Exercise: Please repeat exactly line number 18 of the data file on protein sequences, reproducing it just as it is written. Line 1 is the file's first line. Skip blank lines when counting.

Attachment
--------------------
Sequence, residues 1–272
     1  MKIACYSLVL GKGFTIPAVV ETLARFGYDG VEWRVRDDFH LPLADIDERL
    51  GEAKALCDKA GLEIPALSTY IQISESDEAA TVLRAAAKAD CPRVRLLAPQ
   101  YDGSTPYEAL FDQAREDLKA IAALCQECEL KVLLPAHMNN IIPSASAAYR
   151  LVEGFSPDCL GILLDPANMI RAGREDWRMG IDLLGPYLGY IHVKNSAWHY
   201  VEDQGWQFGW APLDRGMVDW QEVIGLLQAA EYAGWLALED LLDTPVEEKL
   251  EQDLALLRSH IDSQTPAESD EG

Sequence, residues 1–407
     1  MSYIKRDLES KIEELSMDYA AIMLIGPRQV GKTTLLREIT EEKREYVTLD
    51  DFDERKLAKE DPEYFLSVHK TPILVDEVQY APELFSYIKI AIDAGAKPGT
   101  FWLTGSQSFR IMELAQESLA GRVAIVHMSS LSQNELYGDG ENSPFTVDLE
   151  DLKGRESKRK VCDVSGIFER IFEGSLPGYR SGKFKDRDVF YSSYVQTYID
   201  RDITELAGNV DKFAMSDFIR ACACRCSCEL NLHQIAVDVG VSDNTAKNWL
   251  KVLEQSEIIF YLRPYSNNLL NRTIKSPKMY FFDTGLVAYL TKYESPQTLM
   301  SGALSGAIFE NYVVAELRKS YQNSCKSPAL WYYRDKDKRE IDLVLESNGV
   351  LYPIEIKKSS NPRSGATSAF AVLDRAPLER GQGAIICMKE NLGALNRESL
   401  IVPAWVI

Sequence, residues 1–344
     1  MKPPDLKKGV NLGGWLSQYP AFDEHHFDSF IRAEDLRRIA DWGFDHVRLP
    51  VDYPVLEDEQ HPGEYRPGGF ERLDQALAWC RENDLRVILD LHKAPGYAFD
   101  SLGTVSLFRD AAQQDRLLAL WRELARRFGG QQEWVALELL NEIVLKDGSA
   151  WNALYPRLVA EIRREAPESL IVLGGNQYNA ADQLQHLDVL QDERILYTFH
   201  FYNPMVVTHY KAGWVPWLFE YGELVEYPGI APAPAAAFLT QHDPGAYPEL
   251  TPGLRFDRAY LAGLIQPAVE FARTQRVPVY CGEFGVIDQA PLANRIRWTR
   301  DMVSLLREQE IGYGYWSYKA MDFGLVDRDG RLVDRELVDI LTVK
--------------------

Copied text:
Sequence, residues 1–344